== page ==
Roller Derby Revival

The spectator sport of roller derby reached its zenith in the United States in the halcyon days before early 1970 fuel shortages and spiraling prices grounded barnstorming.

However, a recent revival of the sport originating in Austin is slowly bringing it back to East Texas and elsewhere.

The East Texas Bombers are part of this nascent resurgence, and they’re looking for a few good ladies to join in the fun.

Leslie Cox of Henderson, a veteran of the all-female sport, explained that the Bombers are a member-owned and operated flat-track roller derby team on a mission.

“We’re trying to bring roller derby back to the East Texas area,” Cox said.

Like other ladies on the team, Cox has a regular job and day-to-day responsibilities.

It just so happens that, in her spare time, Cox enjoys hurtling around a circuit track at top speed in a sweaty full-contact sport.

“I live and work in Henderson,” Cox said. “I’m a hospice nurse by day and then a roller derby girl at night.”

Jessica Gable, the team’s manager, said that the Bombers have a variety of “day jobs” amongst them. There are four nurses, a zookeeper, a social worker, an artist, an oilfield office manager, an auto mechanic, a banking associate, a National Guard combat medic, and a handful of stay-at-home moms, too.

“Almost all of our girls have kids in sports each season, which we are active in as well,” Gable added.

Described as “anarchy on four wheels” the competitors are armed only with helmets, some rudimentary padded protection and their wits as they whiz around the level track as fast as their two legs can carry them.

Each team has five skaters on the track who skate in a series of “Jams” that last two minutes. One team member is the Jammer and the other four are Blockers.

As the pack of eight blockers moves around the track, the Jammers try to get through and pass them while the Blockers try their best to stop them. The first Jammer through the pack becomes the lead Jammer who is then able to score points for the team by passing the opposition’s Blockers.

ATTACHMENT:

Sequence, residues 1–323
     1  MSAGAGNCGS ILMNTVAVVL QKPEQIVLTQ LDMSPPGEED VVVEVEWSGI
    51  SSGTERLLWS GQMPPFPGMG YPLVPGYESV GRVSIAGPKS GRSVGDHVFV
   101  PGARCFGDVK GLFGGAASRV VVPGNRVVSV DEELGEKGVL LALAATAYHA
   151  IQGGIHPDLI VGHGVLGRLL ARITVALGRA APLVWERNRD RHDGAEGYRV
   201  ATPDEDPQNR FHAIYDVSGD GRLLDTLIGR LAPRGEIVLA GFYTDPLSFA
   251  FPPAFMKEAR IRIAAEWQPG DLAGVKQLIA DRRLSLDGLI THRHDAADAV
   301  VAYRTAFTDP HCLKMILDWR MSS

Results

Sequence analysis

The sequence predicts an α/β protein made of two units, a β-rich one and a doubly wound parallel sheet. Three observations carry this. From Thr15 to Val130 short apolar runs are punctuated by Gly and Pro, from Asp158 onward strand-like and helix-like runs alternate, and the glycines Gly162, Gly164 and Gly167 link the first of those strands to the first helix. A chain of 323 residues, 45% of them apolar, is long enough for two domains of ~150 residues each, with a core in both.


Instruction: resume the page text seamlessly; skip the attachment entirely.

To impede the progress of the opposing team’s Jammer, players may block using body parts above the mid-thigh, excluding forearms, hands, and head. Elbows may not be used in blocking, and cannot be swung at other players or used to hook an opponent or teammate’s arm.

Each game consists of two 30-minute periods. At the end of each Jam, teams field another lineup of players and the next Jam starts exactly 30 seconds later.

Penalties are given to skaters who block illegally, fight or behave in an unsporting manner, or otherwise break the rules. Possible penalties include sending players to a penalty box, as well as expulsion of players.

A skater goes to the penalty box for one minute immediately upon incurring a major penalty, or after accumulating four minor penalties.

With the combination of speed and contact involved, endurance is crucial to being competitive.

Currently, the Bombers have 16 members and a small but loyal following, but recruitment in ongoing and the hype is building.

“I don’t think a lot of people in East Texas are aware of just how big this sport has gotten in recent years, but roller derby is back,” Cox said. “It’s already big in larger cities like Austin, Dallas and Houston, but we’re hoping to bring it to East Texas in a big way.”

Gable agrees, saying there’s a place for anyone interested in getting involved.

“We’re always looking for new skaters, referees and volunteers,” Gable said. “As well as any non-profit organizations that we can benefit.”

For more information about the Bombers, or to request a tryout, visit their website at:


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